We love libraries: From brick-and-mortar to digital

Two terrific radio segments from NPR and WNYC caught my ear this week. Both touch on the housing of stories and data.

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I’m not going to rehash my library love, but it’s clear that NPR feels the same. They’ve devoted a segment to the “library” as star of film, stage and screen.

digital archives, public libraries, community assets, technology, saving digital legacies, libraries in entertainment

From the simple library we see in The Breakfast Club to the vast, strange library world visited by The Doctor and his companion in Doctor Who, the  entertainment world is filled with love for this subject. Be it the librarian or the structure.

Listen to this wonderful segment of All Things Considered as Bob Mondello explores heightened versions of our warehouses of memories. As the character, Mr Atoz, from the original Star Trek series states, “…the library serves no purpose unless someone is using it.”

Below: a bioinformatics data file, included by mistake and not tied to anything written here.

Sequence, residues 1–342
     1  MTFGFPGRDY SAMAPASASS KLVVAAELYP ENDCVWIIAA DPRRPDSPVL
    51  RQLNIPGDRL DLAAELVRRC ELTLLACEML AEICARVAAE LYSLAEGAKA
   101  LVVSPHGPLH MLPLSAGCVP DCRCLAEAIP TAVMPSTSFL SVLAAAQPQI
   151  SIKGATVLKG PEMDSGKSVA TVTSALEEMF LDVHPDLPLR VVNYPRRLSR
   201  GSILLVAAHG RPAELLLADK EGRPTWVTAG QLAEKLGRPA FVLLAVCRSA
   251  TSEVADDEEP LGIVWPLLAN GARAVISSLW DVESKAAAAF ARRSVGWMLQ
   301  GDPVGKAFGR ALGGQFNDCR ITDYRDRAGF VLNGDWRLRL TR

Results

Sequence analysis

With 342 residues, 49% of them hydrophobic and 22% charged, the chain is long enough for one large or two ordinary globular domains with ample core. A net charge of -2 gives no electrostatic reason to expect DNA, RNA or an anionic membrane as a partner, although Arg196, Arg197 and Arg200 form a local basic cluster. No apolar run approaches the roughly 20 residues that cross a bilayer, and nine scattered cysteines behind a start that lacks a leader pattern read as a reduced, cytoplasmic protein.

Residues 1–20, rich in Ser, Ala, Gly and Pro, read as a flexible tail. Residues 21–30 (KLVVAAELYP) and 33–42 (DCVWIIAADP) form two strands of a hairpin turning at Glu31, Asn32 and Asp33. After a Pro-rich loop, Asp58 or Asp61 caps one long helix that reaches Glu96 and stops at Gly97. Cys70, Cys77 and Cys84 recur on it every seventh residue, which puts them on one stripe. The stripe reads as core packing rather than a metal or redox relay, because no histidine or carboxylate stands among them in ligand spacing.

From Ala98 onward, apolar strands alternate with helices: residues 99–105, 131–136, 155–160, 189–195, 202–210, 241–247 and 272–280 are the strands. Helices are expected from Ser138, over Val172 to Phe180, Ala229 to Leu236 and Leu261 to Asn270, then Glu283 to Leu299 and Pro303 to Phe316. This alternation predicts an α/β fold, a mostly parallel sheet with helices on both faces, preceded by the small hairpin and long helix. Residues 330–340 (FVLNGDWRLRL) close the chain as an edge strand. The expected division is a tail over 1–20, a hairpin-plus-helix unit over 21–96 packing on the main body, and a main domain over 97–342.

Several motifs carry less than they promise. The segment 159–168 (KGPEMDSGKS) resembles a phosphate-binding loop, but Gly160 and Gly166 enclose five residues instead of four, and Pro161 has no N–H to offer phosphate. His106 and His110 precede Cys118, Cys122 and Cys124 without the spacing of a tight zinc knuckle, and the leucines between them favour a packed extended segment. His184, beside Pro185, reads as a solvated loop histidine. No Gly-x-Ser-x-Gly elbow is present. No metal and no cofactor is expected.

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This is a good story too from WNYC’s New Tech City. One that I hadn’t even stopped to consider – since I occasionally send snail-mail cards, and write letters (I love paper, pens and ink). I know that I’m in the minority there.

But, for biographers, as hard drives and/or the cloud replace photo albums and shoe boxes filled with decades of correspondence, how will they assemble narratives for future generations with no paper trail?

digital archives, public libraries, community assets, technology, saving digital legacies, libraries in entertainment

Electronic correspondence, of course. Emails, texts and online chats are the new source material – our digital legacies. But will the subjects, or their estate surrender them? Ilya Marritz speaks with Walter Isaacson, biographer to Steve Jobs and Benjamin Franklin, among others, and currently working on a book about the dawn of the digital age.

Well worth a listen. [This story starts at 2:15 and ends at 6:47.]

And as a footnote to both stories, the New York Public Library’s Digital Archive is in Beta. Check it out and enjoy.

Top photo: © Newmarket Films / Rachel Weisz as Hypatia of Alexandria attempts to save library scrolls from destruction in Agora. Bottom photo illustration: ©2013 Janet Giampietro

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